I have always been interested in a variety of seismic observations related to earthquakes, volcanoes, landslides, active faults and subduction zones for more than 30 years. In the past decade, my major research works have been focusing on two active volcanoes in Taiwan (Tatun volcano group and Turtle island). Through publishing more than 20 papers, we have created a new era for active volcanoes in Taiwan. Several integrated projects have been ongoing or planed now for improving the basic research as well as volcanic prevention. A brief summary for our latest accomplishments is shown below.
1. Since 2011, we have established the Taiwan Volcano Observatory at Tatun (TVO) for reaching the major purpose of volcanic prevention as well as providing an important platform to study Taiwan volcanoes. The future eruption might be warning through the possible precursors such as significant increase of volcanic earthquakes, composition variations of volcanic gases or fluids, crustal deformation and geothermal anomalies.
2. A new method has been developed for detecting magma reservoirs through evidence of both the S-wave shadow and P-wave delay (Lin, 2016; Lin et al., 2018b). Instead of the traditional tomography for imaging magma reservoirs, we employed a simple idea of S-waves missing in the liquid for distinguishing the magma reservoirs from the solid earth. The absence of S-waves in the reservoir is also confirmed by the delay of P-wave arrivals. The results show both of the Tatun volcano group and Turtle island are active volcanoes and then the potential eruptions can’t be totally excluded in the future. In order to improve the understanding of both location and geometry of the magma reservoir, we successfully deployed Formosa Array for collecting seismic data generated by a huge number of local- and tele-earthquakes. Through the seismic tomography, both location and geometry of the magma reservoir was obtained at the depths between 8 and 20 km beneath the Tatun volcano group (Huang, Wu, Lin et al., 2021).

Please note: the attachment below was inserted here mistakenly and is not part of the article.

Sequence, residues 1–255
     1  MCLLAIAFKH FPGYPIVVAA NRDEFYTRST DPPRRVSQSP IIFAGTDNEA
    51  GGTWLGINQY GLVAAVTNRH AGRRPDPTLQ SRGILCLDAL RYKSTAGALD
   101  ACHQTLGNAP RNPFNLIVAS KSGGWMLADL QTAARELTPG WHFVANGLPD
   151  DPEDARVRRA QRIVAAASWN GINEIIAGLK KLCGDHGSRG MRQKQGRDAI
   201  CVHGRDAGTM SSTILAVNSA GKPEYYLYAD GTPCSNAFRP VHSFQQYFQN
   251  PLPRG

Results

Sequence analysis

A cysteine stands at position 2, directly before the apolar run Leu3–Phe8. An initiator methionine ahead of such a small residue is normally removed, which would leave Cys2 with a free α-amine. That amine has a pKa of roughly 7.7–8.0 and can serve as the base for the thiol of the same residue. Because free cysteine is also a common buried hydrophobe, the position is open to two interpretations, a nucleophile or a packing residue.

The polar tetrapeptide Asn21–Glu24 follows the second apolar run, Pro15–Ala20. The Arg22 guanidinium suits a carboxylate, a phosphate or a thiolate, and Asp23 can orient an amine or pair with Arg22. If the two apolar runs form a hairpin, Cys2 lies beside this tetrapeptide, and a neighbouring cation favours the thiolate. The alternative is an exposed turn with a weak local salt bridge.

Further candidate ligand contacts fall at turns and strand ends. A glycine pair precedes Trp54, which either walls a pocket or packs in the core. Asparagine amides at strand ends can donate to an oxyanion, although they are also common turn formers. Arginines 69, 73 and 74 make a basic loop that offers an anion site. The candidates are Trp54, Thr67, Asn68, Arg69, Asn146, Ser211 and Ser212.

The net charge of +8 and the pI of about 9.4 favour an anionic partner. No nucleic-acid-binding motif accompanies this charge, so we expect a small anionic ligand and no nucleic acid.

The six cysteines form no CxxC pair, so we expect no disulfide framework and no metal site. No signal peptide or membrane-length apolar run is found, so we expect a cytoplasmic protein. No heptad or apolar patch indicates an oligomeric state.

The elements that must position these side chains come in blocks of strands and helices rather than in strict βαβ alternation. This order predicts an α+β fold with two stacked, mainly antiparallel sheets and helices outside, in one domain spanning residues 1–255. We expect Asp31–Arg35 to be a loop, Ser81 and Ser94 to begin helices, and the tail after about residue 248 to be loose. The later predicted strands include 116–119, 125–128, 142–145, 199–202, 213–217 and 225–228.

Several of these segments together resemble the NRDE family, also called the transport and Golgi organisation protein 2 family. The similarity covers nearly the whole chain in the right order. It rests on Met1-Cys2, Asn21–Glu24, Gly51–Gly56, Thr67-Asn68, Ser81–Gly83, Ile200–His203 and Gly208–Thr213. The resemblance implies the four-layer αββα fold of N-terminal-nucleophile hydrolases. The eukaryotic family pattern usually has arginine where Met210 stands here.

3. It is the first to detect heartbeat-like seismicity (Lin, 2017b) and a seismicity conduit (Pu, Lin* et al., 2020b) at the long-rest volcanoes in the world. Both observations consistently suggest a pumping system exists in the volcanic conduit. Thus, the volcanic conduit beneath the Dayoukeng fumarole might be one of the most possible magma pathways if the Tatun volcano group erupts again.
4. Detection of volcanic sounds in the Tatun volcano group (Lin, 2017a; Lin et al., 2018a) indicates the small-scale phreatic eruptions might be occasionally taken place between the major magmatic eruptions. Although the volcanic impact by phreatic eruptions might not be as strong as magmatic eruptions, the former might be more frequent than the latter. Both volcanic and phreatic eruptions can’t be excluded in the future.
5. A major hydrothermal reservoir has been revealed by the low-velocity zone at depths (0.5-2.5 km) in the Tatun volcano group (Lin et al., 2020). This result provides an important information for evaluating the geothermal exploration in the future.
6. New discovery of mantle diapirs beneath active volcanoes (Lin et al., 2021) is a provocative study to claim that magma generation in the mantle wedge is likely formed by the mélange diapirs that were mixed by the subducted sediments, alternated crust and mantle wedge rocks. Since those diapirs are just located beneath magma reservoirs around the depths between 60 and 95 km, they might be strongly associated with the magma generation in the mantle wedge. This observation provides a new concept to discuss the mechanism of magma generation and sources.